The business implications of migrating to Windows 10

The arrival of Windows 10 is a significant step forward for the Windows platform, further unifying the desktop, laptop, tablet and smartphone ecosystem and implementing another significant change to the Windows user interface.

Many are already looking at Windows 10 as a refined and bug-fixed migration alternative to Windows 8. Business interest in deploying the new system is high – particularly as Windows 10 is a free update for many existing PCs. However, free or not, a badly planned and executed Windows 10 migration in the workplace has the potential for substantial disruption.

What are the minimum activities that businesses should undertake before deploying Windows 10? Consider the following:

  • Clearly communicate to staff that they should not upgrade any company PC to Windows 10 themselves, even if they see a genuine pop-up from Microsoft inviting them to do so. It is critical that any updates to existing PCs is overseen by IT.
  • Audit the IT estate to see exactly what systems are in use and where, and to understand what hardware is currently in use. Doing this will help with identifying Windows 10 drivers for existing hardware, checking compatibility of existing desktops and laptops, and identifying any particularly old systems that need replacement rather than a software update.
  • Categorise all existing software applications by their mission critical nature. Check whether they will be compatible with Windows 10 as-is, or after an available update. If a piece of software is not Windows 10 compatible and never will be (for example, legacy bespoke software that is no longer supported), confirm what the latest OS version is that it will run on, and whether it can be run in a virtual machine environment.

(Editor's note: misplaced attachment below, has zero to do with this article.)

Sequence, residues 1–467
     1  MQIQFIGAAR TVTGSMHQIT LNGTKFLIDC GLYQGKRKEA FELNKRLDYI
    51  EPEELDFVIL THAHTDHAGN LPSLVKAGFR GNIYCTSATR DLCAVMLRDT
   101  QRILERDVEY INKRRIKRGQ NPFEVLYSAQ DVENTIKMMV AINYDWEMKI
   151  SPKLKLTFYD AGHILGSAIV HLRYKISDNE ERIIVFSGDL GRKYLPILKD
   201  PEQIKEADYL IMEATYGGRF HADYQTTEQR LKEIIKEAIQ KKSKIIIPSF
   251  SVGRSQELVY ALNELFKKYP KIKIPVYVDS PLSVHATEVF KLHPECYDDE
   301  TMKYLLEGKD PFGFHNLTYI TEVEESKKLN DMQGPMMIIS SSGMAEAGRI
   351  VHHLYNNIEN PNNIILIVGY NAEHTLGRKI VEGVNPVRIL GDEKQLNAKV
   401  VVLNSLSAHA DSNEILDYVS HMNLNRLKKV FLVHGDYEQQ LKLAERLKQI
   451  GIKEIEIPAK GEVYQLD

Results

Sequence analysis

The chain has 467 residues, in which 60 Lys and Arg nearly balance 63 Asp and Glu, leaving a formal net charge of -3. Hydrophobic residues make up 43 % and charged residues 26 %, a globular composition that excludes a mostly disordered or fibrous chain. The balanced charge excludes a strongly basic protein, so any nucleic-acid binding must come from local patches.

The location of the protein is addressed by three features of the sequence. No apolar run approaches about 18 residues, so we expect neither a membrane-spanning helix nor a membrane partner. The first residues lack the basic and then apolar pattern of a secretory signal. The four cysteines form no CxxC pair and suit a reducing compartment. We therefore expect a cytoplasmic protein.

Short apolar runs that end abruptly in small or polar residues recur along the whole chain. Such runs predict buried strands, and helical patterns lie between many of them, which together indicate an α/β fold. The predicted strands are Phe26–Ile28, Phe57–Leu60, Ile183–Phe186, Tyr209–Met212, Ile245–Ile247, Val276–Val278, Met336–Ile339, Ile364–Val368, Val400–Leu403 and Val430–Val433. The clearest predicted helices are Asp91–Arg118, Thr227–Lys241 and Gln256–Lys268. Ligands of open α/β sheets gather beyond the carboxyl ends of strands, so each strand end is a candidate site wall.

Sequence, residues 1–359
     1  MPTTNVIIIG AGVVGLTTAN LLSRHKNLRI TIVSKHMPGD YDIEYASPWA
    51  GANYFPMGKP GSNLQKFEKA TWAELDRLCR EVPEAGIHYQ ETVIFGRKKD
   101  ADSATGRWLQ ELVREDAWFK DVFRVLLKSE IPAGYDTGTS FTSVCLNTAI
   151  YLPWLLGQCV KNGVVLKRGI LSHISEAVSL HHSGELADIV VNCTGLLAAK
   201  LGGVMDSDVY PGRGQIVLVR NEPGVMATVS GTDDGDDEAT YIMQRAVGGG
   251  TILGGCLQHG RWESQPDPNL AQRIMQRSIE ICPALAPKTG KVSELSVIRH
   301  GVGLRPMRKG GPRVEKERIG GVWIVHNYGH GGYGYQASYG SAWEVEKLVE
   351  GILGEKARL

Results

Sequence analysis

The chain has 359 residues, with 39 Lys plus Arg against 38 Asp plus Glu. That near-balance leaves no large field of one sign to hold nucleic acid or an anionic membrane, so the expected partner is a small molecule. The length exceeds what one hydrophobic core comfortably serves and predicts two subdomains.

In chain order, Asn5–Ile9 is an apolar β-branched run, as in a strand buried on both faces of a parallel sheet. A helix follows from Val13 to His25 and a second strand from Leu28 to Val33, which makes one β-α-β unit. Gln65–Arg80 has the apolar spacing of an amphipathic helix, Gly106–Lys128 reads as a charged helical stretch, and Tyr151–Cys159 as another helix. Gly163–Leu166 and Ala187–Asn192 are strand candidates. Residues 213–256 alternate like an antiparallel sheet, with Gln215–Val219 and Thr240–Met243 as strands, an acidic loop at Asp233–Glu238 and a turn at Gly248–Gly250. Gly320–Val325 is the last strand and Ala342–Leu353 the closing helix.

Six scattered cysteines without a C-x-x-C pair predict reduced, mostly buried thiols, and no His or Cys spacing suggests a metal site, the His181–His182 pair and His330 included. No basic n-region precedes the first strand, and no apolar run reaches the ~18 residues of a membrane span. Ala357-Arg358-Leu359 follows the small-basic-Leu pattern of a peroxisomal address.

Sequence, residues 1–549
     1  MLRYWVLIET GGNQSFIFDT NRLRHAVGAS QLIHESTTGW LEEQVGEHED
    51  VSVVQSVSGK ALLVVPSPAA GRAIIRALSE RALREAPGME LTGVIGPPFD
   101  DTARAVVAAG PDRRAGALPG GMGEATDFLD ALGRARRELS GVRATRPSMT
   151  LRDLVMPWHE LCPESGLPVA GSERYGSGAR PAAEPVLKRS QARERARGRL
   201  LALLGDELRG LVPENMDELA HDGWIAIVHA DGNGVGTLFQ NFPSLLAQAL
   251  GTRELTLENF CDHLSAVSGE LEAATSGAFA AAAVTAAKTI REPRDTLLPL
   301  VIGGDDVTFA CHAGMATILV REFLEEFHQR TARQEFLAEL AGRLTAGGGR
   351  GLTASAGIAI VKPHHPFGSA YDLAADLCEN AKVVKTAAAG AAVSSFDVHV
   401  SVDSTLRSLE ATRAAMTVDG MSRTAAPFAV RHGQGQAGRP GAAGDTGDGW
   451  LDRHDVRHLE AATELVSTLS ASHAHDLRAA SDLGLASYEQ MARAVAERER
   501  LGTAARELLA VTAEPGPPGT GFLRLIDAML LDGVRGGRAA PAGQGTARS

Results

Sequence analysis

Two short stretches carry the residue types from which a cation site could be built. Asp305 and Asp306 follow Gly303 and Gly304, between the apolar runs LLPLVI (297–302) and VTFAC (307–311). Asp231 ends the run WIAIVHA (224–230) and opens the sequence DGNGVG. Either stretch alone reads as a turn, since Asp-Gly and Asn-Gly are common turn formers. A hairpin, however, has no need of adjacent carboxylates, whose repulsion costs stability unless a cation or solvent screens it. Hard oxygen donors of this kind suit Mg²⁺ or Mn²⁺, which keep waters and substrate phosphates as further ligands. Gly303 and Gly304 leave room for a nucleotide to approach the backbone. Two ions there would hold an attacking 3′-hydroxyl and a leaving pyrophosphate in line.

• Where applications won’t work with Windows 10 directly, consider creating a virtual machine environment running the most recent OS that the software will work on. This will enable you to dispose of legacy hardware, deploy Windows 10, but retain key unsupported software systems in a way that isolates it from other systems and software. Test the operation of such software in a VM rigorously before decommissioning working physical systems.
  • Where possible, create a testing environment for the most common desktop configurations in use in the company, to ensure hardware compatibility with Windows 10 before deploying into live environments. Ensure applications, drivers, accessories and network devices continue to function as expected. This also applies where Windows 10 will be deployed on brand new hardware. Lab test an example configuration first.
  • Stagger the deployment, just in case something goes wrong. Minimise the number of machines that will need rolling back in the event of a failed deployment or undiscovered compatibility issue presenting. Also avoid deploying during normal business hours if possible.
  • Once deployed, keep on top of software updates and bug fixes to drivers. Windows Update will only look after Microsoft’s own updates, so consider deploying an automated patch management solution. This will help with gathering, deploying and managing drivers and other software updates during and after a Windows 10 deployment. In the first year after deployment, driver and application updates are likely to be frequent as glitches and compatibility issues manifest and are reported.

Maintaining a discontinued operating system (OS) is akin to keeping an old car on the road – the supply of service parts eventually dries up as manufacturers focus on supporting more recent incarnations. Even recent versions such as Windows 7 is starting to be left behind by software and driver developers.

With this in mind, moving to the latest OS for free makes solid business sense. Just remember to gather all the data about the IT estate first and ensure compatibility, otherwise a free update can quickly turn into a costly and time-consuming one.

Sergio Galindo, general manager of GFI Software

Photo credit: Anton Watman / Shutterstock